CICLOPS: Cassini Imaging Central Laboratory for OPerationS

Surging Across the Rings
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Surging Across the Rings
PIA 08992

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  A surge in brightness appears on the rings directly opposite the Sun from Cassini. This "opposition surge" travels across the rings as the spacecraft watches (see PIA08267).

See PIA08247 for a detailed explanation of the opposition effect.

This view looks toward the sunlit side of the rings from about 9 degrees below the ringplane.

The image was taken in visible light with the Cassini spacecraft wide-angle camera on June 12, 2007 using a spectral filter sensitive to wavelengths of infrared light centered at 853 nanometers. The view was acquired at a distance of 524,374 kilometers (325,830 miles) from Saturn. Image scale is 31 kilometers (19 miles) per pixel.

The Cassini-Huygens mission is a cooperative project of NASA, the European Space Agency and the Italian Space Agency. The Jet Propulsion Laboratory, a division of the California Institute of Technology in Pasadena, manages the Cassini-Huygens mission for NASA's Science Mission Directorate, Washington, D.C. The imaging team consists of scientists from the US, England, France, and Germany. The imaging operations center and team lead (Dr. C. Porco) are based at the Space Science Institute in Boulder, Colo.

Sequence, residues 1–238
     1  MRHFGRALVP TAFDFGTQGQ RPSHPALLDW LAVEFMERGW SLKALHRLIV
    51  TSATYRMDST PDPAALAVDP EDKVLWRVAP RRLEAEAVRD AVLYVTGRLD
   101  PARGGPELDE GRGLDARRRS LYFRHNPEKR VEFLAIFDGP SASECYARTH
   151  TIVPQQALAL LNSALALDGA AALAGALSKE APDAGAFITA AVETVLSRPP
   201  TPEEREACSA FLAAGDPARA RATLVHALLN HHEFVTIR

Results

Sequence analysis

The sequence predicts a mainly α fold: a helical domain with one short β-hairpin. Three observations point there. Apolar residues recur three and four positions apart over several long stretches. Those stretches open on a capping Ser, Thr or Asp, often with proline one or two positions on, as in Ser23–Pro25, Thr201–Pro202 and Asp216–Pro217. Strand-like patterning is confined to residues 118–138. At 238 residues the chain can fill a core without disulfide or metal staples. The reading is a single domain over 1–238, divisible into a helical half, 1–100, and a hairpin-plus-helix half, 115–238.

For more information about the Cassini-Huygens mission, visit and the Cassini imaging team home page,

Credit: NASA/JPL/Space Science Institute
Released: July 26, 2007 (PIA 08992)
Image/Caption Information

Alliance Member Comments
Red_dragon (Aug 7, 2007 at 10:41 AM):
Great picture for the ominous aspect Saturn presents, being unable to enter into the field of the WAC; another nice work by CICLOPS.

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